Physiotherapy & Sports Massages

Sports Massage

Is There a Difference between Sports Massage and Physiotherapy?

As is the case with the orthopaedic surgeon and the osteopath, it is not uncommon for there to be a degree of overlap between the interests of medical personnel whose expertise may be focused on maladies affecting the same regions of the body, which in this case, are conditions that affect the musculoskeletal system. In practice, there is a similarly close connection between the broader discipline of physiotherapy and the more limited focus of the sports therapist. Both fields, for example, are likely to make use of massage therapy as a means to alleviate pain and stiffness. It is therefore not uncommon for these specialists to treat similar conditions in much the same manner.

In practice, of course, what is important is ensuring patients receive the most appropriate treatment, and that it is correctly performed, rather than the particular type of therapist who will deliver it. Consequently, many practices, quite sensibly, are multidisciplinary, and will often employ staff members with differing skill sets in order to provide their patients with a more holistic service.  In the case in point, the lengthier training of the physiotherapist, which must include an undergraduate medical qualification, provides greater insight into the diagnostic process, and a broader knowledge of the many disorders that can affect nerves and the respiratory and musculoskeletal systems. Consequently, treatments ranging from sports massage and transcutaneous electrical nerve stimulation, to acupuncture and breathing exercises all fall within the purview of the physiotherapist.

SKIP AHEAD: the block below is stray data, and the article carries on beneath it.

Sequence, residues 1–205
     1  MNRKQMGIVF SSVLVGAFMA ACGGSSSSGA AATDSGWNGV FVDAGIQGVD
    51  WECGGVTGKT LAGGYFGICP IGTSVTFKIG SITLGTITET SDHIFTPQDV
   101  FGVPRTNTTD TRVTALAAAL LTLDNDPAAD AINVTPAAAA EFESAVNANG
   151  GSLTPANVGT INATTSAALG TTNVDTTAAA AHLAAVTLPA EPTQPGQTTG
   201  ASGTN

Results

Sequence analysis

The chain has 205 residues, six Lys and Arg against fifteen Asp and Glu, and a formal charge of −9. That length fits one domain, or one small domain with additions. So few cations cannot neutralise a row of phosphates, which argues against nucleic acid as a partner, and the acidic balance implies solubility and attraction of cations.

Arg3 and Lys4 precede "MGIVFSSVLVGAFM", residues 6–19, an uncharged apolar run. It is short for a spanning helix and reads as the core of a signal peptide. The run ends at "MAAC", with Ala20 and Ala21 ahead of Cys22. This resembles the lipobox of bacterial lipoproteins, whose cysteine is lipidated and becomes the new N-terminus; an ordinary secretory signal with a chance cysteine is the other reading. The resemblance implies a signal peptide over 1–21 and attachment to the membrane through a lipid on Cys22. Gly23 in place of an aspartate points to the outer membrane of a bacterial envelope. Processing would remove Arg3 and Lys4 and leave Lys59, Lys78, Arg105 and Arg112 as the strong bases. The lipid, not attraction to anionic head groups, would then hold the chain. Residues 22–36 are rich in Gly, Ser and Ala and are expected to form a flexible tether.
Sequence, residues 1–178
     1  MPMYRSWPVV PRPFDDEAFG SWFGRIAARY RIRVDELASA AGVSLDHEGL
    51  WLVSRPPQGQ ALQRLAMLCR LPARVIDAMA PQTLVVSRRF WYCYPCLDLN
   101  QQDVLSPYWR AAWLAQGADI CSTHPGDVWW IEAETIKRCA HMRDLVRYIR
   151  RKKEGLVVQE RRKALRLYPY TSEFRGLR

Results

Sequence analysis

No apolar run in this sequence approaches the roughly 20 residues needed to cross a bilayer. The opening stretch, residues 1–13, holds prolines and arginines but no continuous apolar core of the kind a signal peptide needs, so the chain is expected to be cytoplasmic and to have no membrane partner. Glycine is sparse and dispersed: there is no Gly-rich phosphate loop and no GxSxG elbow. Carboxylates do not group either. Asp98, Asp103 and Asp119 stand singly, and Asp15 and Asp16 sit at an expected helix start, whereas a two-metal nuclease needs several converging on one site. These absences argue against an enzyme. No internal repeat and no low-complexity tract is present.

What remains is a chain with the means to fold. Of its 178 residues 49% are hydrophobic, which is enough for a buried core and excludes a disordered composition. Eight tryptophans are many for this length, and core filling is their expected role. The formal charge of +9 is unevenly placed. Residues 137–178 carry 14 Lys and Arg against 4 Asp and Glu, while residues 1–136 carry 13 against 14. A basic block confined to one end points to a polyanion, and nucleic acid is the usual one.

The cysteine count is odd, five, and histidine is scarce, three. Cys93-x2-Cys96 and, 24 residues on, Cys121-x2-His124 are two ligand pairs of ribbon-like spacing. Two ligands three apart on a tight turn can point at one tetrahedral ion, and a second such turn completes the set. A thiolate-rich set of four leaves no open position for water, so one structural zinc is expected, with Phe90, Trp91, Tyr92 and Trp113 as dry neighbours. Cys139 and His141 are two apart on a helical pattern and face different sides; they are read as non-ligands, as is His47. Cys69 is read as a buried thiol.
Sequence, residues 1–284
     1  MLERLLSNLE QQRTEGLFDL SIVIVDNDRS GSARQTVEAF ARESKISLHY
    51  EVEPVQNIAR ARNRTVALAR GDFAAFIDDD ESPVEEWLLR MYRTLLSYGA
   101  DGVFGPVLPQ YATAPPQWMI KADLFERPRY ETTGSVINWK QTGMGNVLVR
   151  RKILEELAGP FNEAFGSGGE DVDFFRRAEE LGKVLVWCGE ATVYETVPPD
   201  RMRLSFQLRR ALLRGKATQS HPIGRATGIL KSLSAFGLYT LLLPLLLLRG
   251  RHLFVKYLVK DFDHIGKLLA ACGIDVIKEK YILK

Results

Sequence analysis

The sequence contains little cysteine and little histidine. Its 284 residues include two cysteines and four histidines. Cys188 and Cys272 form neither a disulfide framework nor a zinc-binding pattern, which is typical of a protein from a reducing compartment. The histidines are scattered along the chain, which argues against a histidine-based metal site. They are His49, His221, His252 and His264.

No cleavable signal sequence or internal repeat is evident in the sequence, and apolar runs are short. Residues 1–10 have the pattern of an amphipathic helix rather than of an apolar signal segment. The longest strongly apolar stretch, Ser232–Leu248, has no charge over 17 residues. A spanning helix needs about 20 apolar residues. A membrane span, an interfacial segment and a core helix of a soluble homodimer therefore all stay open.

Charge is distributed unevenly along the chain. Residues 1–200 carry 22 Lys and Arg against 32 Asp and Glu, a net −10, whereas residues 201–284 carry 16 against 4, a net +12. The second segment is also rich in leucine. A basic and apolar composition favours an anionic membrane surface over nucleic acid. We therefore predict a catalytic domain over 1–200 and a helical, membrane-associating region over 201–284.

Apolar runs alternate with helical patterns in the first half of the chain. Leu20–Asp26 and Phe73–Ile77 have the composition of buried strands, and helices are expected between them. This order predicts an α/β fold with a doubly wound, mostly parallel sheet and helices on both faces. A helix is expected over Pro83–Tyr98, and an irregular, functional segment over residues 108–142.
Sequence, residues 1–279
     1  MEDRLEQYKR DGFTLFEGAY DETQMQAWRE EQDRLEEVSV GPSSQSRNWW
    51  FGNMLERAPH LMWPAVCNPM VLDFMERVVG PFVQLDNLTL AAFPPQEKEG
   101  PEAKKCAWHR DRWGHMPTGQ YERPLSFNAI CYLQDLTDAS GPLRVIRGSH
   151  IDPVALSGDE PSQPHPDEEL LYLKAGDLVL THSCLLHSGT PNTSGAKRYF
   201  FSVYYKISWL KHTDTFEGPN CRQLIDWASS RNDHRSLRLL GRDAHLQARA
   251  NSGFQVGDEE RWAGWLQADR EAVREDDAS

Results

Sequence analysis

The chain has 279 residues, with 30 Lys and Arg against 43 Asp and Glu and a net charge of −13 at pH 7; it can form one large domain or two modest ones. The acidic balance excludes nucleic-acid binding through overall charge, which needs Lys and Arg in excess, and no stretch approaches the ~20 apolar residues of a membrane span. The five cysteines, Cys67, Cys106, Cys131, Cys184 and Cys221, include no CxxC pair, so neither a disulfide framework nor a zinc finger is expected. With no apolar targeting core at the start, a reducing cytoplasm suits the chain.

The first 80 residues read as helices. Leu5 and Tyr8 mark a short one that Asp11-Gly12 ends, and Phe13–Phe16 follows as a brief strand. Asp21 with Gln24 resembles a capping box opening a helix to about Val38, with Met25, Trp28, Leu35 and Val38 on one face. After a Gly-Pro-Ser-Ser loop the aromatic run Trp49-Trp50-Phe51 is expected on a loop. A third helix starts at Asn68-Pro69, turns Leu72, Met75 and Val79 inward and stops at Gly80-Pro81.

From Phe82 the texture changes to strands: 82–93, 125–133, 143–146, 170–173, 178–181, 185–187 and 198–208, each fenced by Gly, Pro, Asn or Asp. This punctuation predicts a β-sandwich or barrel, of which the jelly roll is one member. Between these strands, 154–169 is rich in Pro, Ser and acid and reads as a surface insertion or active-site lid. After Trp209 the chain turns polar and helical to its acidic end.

The normal effect of repetitive physical exercise is to develop strength, and to maintain active muscle. However, when overdone or accidents occur, it can result in imbalances and injuries in soft tissues that cause pain and discomfort, thus impeding an athlete’s performance. More often than not, the solution will be a course of sports massage. Professionally applied, it is able to speed up recovery from trauma. In addition, it is also an effective means to enhance performance and to prevent injury when applied before and after exercise. Its effect is to promote the breakdown of accumulated toxins, and to realign displaced muscle fibres and connective tissue, thus helping to improve flexibility and joint mobility.

Different sporting activities will often be dependent upon different muscle groups, and so, the therapist must focus his or her treatments on those areas appropriate to the activities of each patient. In addition to the skills involved in its application, the therapists, who specialise in sports massage, also require a knowledge of the activities that are most often responsible for its need and the soft tissues involved. Justine Mokgoatjana Physiotherapy offers a wide range of healing treatments by experienced specialists.

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